Statistics hypothesis test question?
A study has a random sample of 20 subjects. The test
statistic for testing H0 : µ = 150 vs Ha : µ 6= 150 is t
=1.58. If the same sample mean and standard deviation
had been based on n =10 instead of n=20, the test
statistic would have been t =1.12. Would the P-value
for be larger, or smaller than when t =1.58?
A. Both p-values are same
B. p-value associated with 1.12 will be larger
C. p-value associated with 1.12 will be smaller
D. None of the above
I know the correct answer is B but I don't understand why.
- AlanLv 78 months ago
It is > test
Since you are in the end , you always want to compare to alpha
(significance level) in the end.
Sometimes people called p = 1 - actual p then you check for
Look at this table , it is for Row DF = 10
say alpha (significance level ) = 0.025
for t = 1.812 has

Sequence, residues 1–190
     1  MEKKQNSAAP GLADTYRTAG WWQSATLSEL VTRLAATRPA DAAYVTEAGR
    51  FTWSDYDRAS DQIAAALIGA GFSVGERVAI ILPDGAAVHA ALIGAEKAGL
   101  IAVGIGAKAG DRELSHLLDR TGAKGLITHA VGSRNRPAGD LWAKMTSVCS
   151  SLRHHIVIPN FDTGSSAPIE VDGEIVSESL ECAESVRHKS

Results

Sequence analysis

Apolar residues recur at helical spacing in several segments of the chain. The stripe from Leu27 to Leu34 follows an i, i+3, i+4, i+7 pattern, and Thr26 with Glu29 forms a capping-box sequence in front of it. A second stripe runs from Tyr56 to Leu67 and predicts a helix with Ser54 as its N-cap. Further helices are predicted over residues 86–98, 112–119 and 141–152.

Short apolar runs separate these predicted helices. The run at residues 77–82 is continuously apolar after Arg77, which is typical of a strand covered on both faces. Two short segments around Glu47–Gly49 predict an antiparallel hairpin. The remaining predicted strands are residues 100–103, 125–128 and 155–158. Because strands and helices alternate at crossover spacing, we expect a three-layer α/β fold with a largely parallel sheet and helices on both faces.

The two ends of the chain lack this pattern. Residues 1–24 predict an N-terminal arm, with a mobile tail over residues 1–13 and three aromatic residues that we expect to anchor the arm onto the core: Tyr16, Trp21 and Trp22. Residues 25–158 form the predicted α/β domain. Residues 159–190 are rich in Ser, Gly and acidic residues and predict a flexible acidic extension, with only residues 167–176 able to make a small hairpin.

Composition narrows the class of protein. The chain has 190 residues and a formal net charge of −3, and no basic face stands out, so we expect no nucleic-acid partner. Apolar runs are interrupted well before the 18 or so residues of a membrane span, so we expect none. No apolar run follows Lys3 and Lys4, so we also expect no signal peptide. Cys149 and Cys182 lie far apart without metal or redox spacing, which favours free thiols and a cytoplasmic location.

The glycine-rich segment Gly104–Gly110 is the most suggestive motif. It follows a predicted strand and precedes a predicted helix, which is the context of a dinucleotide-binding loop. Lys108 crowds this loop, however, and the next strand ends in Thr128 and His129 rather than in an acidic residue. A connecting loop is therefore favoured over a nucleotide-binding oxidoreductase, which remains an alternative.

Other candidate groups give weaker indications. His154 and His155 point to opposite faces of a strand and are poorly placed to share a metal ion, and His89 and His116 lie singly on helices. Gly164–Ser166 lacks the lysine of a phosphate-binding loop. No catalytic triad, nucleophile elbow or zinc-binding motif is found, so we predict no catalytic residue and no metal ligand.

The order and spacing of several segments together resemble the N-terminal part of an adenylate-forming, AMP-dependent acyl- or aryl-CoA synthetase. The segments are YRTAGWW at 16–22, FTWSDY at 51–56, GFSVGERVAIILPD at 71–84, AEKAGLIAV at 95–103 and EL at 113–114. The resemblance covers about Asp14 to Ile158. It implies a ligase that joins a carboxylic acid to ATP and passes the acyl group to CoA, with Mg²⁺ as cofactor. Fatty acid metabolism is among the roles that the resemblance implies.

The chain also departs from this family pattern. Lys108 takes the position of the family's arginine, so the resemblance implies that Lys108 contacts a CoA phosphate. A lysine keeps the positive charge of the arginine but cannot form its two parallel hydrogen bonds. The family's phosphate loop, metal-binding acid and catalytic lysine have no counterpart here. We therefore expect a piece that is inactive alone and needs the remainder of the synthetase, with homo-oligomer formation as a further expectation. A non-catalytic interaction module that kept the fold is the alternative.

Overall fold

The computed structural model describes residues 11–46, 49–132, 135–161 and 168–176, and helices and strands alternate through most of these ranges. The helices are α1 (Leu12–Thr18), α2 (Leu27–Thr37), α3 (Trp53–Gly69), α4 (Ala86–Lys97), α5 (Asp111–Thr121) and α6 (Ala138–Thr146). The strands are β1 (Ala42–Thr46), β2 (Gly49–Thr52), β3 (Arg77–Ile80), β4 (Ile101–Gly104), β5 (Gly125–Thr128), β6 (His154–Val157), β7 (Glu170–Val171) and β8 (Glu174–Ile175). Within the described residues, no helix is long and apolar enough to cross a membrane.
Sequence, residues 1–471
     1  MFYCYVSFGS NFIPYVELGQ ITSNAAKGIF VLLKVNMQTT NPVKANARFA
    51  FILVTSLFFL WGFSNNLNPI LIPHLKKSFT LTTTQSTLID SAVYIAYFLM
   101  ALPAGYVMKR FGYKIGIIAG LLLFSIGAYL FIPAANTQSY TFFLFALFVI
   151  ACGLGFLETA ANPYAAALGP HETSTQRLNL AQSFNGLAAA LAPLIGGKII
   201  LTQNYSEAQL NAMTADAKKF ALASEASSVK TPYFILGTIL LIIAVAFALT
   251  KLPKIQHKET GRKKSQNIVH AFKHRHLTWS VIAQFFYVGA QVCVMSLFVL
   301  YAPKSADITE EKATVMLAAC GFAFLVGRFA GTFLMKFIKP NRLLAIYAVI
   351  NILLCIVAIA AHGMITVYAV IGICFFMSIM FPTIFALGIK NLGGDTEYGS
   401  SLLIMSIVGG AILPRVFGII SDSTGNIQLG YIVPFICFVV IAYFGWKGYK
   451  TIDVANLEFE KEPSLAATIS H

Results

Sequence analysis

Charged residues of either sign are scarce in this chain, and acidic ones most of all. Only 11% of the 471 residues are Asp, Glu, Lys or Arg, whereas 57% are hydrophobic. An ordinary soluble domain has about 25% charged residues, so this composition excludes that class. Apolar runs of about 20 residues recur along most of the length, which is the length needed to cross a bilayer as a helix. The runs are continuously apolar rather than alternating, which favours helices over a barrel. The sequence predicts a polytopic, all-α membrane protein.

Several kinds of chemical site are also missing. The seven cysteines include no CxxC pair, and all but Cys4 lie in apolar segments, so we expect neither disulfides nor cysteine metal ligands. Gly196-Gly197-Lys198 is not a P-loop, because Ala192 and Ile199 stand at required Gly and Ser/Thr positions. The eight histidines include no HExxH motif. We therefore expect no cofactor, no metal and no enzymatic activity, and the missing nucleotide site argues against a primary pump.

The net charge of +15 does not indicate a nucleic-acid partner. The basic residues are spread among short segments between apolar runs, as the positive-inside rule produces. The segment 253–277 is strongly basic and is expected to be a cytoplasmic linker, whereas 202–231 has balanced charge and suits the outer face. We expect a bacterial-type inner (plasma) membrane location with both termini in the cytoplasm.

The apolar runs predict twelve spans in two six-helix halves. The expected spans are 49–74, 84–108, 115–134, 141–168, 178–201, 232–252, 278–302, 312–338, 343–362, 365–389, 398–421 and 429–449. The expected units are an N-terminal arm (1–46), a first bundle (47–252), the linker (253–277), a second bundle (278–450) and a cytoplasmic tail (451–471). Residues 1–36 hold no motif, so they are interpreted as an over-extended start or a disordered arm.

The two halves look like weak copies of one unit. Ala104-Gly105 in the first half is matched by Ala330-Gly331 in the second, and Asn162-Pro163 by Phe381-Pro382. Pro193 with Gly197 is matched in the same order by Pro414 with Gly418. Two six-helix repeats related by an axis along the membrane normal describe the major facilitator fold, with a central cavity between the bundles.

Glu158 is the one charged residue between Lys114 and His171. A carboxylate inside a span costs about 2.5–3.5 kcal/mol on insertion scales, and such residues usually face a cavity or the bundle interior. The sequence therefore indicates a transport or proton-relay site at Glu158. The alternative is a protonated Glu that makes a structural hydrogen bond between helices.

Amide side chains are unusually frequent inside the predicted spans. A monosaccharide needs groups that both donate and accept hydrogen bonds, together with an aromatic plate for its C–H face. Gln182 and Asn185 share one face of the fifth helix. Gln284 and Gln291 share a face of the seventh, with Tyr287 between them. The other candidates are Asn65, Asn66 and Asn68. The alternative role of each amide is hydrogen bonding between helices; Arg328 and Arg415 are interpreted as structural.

actual p = 0.95
for one tailed test, value tested against alpha
new p = 1- p = 0.05
so in table, sometimes the table just calls the the alpha value.
so it depends which value , you are calling p
so textbook will call p= 0.95 and other call p = 0.05
(so it can be compared directly to alpha.)
for t = 2.228 , for actual p = 0.975
value checked against alpha new p = 1-0.975 = 0.025
so if you are checking against the actual p value ,
larger T value has a larger p values.
if you are checking again what some textbooks call
p which is really 1-p , the larger T has a smaller P values.
so along the top row is the actual P value
the 2nd row is 1 - actual p sometimes labelled alpha in tables
for one -tailed test.
The 3rd row is 1 - actual p/2 used to two-sided test
The last row are the t-values.
Also, see the graph , so are you calling p the amount to the right of "t"
value or the area to the left of "t" value.